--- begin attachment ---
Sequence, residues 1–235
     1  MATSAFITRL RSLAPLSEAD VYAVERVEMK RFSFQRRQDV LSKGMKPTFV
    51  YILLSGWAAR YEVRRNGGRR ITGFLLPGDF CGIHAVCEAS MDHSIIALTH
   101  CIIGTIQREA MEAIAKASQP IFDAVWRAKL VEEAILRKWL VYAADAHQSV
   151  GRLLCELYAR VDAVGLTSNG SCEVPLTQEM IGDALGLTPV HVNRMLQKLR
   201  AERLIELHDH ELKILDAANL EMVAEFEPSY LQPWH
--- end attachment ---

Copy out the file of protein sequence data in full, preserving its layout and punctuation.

Sequence, residues 1–235
     1  MATSAFITRL RSLAPLSEAD VYAVERVEMK RFSFQRRQDV LSKGMKPTFV
    51  YILLSGWAAR YEVRRNGGRR ITGFLLPGDF CGIHAVCEAS MDHSIIALTH
   101  CIIGTIQREA MEAIAKASQP IFDAVWRAKL VEEAILRKWL VYAADAHQSV
   151  GRLLCELYAR VDAVGLTSNG SCEVPLTQEM IGDALGLTPV HVNRMLQKLR
   201  AERLIELHDH ELKILDAANL EMVAEFEPSY LQPWH